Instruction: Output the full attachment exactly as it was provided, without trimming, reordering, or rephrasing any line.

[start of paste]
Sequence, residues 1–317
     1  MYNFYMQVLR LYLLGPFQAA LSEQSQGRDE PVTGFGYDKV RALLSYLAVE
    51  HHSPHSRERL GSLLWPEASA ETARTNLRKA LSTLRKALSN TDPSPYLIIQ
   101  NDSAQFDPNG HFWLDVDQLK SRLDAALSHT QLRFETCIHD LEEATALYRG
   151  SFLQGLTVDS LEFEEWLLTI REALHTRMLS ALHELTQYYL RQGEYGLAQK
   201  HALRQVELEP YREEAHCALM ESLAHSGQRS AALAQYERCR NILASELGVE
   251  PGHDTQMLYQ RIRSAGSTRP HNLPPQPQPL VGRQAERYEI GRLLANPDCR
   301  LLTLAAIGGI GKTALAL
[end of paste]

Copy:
Sequence, residues 1–317
     1  MYNFYMQVLR LYLLGPFQAA LSEQSQGRDE PVTGFGYDKV RALLSYLAVE
    51  HHSPHSRERL GSLLWPEASA ETARTNLRKA LSTLRKALSN TDPSPYLIIQ
   101  NDSAQFDPNG HFWLDVDQLK SRLDAALSHT QLRFETCIHD LEEATALYRG
   151  SFLQGLTVDS LEFEEWLLTI REALHTRMLS ALHELTQYYL RQGEYGLAQK
   201  HALRQVELEP YREEAHCALM ESLAHSGQRS AALAQYERCR NILASELGVE
   251  PGHDTQMLYQ RIRSAGSTRP HNLPPQPQPL VGRQAERYEI GRLLANPDCR
   301  LLTLAAIGGI GKTALAL